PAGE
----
Not very long ago the scarificator (shown above) was considered at the height of technology. With this device, it was easier to produce the healing effects that were widely known to come from blood-letting. Had there been health insurance companies at the time, I presume there would have been an acceptable billing and procedure code for the application of this device. Were there any studies to show the efficacy of this? None that I have seen. Yet, I suspect that we would still expect, unwitting insurance companies to send a check in the mail.
While this may be an extreme comparison, it is still a valid one. Why should we expect insurance companies (or any payer, for that matter) to simply hand us (providers) a check after “services rendered” with no question as to the quality or necessity of that service. Now, you can certainly question the validity or practicality or usefulness of our current health insurance system. However, I would expect nothing less than for someone (whether an individual or a business) to want to know what and of what quality a service they are receiving prior to paying for it.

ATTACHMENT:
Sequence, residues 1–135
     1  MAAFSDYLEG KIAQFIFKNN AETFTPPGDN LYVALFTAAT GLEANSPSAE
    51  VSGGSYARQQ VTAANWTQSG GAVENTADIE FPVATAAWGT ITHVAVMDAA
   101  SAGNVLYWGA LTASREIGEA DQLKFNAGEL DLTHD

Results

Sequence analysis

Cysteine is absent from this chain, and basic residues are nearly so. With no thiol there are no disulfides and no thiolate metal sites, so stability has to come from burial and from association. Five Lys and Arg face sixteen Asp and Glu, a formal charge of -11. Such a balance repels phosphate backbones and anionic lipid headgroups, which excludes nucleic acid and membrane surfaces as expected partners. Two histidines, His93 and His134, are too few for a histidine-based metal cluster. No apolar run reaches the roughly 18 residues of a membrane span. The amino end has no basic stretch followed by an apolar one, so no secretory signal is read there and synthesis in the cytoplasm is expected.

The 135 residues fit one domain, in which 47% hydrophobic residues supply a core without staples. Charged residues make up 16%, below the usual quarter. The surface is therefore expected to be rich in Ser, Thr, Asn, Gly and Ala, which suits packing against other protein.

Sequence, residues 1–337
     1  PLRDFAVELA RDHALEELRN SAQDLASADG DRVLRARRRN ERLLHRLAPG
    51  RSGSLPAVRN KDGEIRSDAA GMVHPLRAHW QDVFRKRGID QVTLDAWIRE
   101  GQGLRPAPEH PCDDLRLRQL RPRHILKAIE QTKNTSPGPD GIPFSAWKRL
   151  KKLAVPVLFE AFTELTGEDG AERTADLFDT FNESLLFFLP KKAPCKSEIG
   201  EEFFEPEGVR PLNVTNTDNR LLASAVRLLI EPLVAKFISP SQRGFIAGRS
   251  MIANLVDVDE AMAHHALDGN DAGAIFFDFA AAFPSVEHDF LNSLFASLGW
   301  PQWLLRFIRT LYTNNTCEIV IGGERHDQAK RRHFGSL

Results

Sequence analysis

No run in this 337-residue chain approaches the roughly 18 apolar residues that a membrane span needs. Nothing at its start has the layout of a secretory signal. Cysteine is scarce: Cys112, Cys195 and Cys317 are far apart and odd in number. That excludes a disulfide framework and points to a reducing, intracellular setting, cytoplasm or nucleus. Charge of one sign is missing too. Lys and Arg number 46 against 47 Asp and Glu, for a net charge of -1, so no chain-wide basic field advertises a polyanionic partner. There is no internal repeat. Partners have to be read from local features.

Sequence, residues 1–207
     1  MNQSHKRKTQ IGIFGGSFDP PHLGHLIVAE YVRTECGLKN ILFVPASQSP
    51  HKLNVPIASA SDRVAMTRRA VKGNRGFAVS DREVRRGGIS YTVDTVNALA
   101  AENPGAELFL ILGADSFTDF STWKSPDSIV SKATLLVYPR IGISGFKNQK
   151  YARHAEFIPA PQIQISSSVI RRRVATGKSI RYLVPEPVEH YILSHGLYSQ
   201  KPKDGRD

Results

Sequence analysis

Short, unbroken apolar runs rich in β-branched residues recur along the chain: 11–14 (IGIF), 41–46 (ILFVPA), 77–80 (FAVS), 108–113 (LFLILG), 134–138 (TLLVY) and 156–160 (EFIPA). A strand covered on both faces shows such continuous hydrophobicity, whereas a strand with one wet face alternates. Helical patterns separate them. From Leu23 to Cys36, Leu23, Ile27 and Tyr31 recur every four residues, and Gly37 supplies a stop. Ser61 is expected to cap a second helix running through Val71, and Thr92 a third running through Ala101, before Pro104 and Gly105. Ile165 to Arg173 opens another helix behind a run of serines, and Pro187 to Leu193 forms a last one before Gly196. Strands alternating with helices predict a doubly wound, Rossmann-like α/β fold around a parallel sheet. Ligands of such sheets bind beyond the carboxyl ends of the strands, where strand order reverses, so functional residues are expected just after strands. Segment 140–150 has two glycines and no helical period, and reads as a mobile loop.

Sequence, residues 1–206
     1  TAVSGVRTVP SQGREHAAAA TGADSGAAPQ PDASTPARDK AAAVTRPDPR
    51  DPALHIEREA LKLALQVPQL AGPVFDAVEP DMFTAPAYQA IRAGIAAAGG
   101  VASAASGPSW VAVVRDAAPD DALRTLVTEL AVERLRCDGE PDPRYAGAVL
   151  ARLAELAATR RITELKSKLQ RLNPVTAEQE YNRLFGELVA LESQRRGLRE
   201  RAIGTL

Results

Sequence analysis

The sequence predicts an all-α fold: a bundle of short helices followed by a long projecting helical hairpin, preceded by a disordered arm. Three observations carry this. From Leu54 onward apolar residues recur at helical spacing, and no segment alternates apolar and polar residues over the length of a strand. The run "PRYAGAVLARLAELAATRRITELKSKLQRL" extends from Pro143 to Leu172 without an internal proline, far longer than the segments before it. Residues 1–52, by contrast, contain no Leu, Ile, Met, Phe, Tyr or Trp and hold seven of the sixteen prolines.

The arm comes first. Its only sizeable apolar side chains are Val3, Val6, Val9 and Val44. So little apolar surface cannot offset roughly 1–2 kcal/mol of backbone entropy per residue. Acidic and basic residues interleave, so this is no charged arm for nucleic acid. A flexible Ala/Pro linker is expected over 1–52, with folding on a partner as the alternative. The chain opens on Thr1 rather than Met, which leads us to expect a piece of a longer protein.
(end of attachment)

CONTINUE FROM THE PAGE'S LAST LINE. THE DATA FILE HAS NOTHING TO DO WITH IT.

Unfortunately, we have been in the era of fee for service for quite some time now. This is all we know. Change is hard and usually (so we think) bad for us. So, we have to push back against the change to pay for performance or for quality or some derivation thereof. Now, I am not saying that the ultimate outcome of this transition will not produce financial pain. Nor, am I saying that the final product will be perfect or even better than the system we have today. However, I am saying that there will be a new system. We can either try to shape that new system in a way that is good for our patients, ourselves and our society; or, we can sit on the sidelines and root for a lost cause.